United States

Brown case provides insight on substantiation requirement for repairs


On Monday, Feb. 5, 2018, the Tax Court released Brown, Brandon et ux. v. Commissioner; No. 2809-16S; T.C. Summ Op. 2018-6. From a substantive tax law perspective, Brown involves a fairly unexceptional scenario: taxpayers argue that repairs to their commercial rental property are deductible business expenses, the Service claims the items are capital expenditures, and the court applies settled tax law that delineates one category from the other and assigns the burden of proof. What is interesting in Brown, however, is the procedural perspective and how it underscores the need to substantiate deductions for property repairs.

While the Browns lost their case, it was on the lack of corroborating documentation not the position the Browns took that caused the Court to rule against them. The Browns asserted the following positions in support of their case:

  1. The disallowed expenses to repair or replace carpeting involved only items that were damaged or worn. Expenditures were limited to only the flooring portion that needed to be repaired or replaced, rather than a replacement of the entire flooring.   
  2. Certain remodeling expenses, painting damaged walls and replacing worn ceiling tiles, were remedial repairs made pursuant to their lease agreements.
  3. Finally, the taxpayers made these and any other expenditures to keep their rental property in operating condition over its useful life: the items neither prolonged the property's life nor increased its value.

The Service responded to these claims with “aside from their self-serving declarations, [the taxpayers] failed to provide any information about the expenditures other than that they were incurred.” 

The Service countered each of the taxpayers’ substantive arguments with an evidentiary rebuttal:

  1. If the expenditures were to replace worn or damaged items, where was the evidence documenting the older item’s age or condition upon replacement?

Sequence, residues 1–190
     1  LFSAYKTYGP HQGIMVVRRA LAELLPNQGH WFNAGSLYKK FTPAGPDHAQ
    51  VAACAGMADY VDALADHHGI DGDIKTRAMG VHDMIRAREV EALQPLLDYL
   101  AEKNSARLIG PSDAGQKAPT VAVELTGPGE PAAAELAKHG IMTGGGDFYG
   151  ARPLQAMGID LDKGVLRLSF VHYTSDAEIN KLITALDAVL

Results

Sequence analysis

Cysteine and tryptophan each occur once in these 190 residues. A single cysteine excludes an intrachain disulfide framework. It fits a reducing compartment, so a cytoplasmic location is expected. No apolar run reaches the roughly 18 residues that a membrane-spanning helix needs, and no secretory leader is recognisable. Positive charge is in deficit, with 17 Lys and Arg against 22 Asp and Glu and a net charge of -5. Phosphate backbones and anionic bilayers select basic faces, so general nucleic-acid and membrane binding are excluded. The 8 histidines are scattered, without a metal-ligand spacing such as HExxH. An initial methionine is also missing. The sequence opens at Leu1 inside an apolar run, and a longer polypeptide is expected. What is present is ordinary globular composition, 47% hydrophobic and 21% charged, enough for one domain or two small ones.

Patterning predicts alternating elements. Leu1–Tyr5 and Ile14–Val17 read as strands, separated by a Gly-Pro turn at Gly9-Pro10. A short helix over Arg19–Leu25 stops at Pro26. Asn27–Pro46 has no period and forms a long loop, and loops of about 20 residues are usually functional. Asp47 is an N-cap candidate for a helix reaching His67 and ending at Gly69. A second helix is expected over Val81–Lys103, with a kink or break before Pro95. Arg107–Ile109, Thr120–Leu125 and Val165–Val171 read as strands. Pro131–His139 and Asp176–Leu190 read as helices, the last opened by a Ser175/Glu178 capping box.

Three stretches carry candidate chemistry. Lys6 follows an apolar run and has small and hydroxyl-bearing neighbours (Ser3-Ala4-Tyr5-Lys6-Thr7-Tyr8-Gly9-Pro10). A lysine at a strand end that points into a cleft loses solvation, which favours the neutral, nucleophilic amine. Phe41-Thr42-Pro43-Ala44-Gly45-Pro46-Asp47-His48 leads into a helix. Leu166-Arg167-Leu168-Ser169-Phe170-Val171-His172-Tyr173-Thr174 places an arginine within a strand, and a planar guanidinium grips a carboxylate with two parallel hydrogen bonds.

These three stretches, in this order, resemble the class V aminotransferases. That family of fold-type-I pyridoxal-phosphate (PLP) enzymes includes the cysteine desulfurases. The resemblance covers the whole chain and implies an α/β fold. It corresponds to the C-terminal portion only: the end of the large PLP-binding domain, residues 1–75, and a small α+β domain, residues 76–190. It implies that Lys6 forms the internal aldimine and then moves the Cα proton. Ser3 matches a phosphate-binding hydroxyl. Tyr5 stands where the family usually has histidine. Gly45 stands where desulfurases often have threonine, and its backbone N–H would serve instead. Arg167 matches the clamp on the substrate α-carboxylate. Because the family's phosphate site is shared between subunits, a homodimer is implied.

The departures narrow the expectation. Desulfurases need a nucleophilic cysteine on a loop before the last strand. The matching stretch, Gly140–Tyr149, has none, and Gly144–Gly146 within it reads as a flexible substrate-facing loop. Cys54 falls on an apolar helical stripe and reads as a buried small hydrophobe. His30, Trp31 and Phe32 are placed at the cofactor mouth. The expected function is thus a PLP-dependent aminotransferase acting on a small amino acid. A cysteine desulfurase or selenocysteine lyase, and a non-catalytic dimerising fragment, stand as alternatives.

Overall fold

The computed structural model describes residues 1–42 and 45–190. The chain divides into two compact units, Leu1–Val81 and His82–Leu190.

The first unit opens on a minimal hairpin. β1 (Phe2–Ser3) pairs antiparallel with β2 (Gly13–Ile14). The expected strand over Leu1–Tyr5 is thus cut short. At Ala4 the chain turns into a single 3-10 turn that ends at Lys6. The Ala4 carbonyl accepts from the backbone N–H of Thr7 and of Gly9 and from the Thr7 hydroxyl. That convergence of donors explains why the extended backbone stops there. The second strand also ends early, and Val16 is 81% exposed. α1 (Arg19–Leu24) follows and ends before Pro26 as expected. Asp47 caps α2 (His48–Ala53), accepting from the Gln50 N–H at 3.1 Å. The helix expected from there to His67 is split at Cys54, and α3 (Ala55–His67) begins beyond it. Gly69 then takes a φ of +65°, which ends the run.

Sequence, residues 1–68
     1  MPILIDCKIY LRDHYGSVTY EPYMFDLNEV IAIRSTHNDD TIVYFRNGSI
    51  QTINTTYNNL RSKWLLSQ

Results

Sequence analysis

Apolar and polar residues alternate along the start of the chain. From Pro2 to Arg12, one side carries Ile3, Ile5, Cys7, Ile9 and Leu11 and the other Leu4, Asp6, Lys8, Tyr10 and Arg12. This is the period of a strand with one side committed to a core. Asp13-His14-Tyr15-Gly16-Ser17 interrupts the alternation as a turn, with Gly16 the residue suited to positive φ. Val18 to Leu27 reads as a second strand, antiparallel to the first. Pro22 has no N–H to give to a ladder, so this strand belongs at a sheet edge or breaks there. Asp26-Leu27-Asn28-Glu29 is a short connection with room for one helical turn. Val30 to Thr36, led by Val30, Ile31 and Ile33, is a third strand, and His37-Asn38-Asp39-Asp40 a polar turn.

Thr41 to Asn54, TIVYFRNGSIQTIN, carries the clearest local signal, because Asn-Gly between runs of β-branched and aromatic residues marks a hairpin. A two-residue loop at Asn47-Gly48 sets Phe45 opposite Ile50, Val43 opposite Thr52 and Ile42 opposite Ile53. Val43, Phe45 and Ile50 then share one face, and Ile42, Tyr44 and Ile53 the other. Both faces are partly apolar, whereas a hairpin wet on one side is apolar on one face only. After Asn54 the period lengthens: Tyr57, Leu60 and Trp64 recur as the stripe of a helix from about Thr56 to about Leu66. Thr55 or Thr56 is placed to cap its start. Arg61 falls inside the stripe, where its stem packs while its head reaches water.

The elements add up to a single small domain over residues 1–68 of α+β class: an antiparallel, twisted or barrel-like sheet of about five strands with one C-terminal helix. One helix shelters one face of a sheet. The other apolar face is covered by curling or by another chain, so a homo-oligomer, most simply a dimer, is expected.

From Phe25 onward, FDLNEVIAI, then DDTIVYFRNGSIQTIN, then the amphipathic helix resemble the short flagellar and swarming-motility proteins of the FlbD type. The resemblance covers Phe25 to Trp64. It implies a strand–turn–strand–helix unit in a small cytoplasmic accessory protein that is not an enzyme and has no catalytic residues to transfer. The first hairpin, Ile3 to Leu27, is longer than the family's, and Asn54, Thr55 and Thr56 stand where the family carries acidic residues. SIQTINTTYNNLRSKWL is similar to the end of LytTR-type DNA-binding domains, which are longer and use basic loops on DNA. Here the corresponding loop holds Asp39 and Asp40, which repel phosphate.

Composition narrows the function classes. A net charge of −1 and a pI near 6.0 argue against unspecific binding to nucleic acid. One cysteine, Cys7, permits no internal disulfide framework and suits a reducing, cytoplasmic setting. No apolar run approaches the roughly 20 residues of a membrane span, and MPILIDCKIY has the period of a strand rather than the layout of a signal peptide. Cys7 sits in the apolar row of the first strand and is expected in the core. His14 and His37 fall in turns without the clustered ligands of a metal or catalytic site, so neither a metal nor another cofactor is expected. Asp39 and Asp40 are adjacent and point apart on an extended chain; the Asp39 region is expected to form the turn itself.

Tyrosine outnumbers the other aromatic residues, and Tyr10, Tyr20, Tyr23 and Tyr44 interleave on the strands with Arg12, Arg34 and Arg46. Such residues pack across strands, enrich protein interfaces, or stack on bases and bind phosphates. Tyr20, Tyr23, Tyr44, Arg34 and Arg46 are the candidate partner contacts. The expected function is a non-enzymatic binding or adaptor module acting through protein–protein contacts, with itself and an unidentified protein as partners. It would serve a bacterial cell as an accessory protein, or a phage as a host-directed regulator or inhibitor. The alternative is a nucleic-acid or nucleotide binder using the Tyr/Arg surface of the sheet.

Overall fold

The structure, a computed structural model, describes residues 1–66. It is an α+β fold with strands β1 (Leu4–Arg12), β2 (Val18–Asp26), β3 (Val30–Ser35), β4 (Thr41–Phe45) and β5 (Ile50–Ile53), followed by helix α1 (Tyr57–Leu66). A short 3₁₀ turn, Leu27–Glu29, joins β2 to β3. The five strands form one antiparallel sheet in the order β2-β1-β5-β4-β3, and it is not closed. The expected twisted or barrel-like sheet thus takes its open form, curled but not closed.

2. If the expenditures were required to maintain the properties as set out in the taxpayers’ lease agreements, shouldn’t the taxpayer be able to provide the relevant lease agreement provisions or be able to show that such work was performed on a recurring basis?
  3. If the expenditures did not add value to the rental properties, where was the evidence concerning the property’s value before and after renovation that allowed the taxpayers to make that determination?

The Service also pointed out that the taxpayers failed to provide any evidence showing that useful life of the repairs was less than a year or that they were done not as part of a general plan of improvement.  

To clarify, the Service did not assert that each of these evidentiary items is necessary to support the current deductibility of repairs. What the Service did argue was that the taxpayers’ failure to produce this evidence, considering that such items are within the taxpayers’ control, would not support the taxpayers’ testimony.

In finding for the Service, the court made special note of the fact that had the taxpayers offered further evidence, the court would have been able to consider whether such evidence supported petitioners' contentions. The court was left with little more than “an itemized list of the work performed and the costs therefor [with] no evidence about the context in which that work was performed, nor its effect on the value or the useful life of either property.” Given the scarcity of the record, the court had little choice to but uphold the Service’s notice of deficiency.


Cases like these remind taxpayers of a fundamental, but easily overlooked or underestimated, tenet of tax law: deductions are a matter of legislative grace, and taxpayers must prove their entitlement to them. Even routine items can be challenged for a lack of substantiation, and the Brown case provides useful insights into the Service’s documentation expectations for property repairs. 

For information on how to satisfy this substantiation requirement as it applies to your particular property repairs or to other deductions, contact your tax adviser. 


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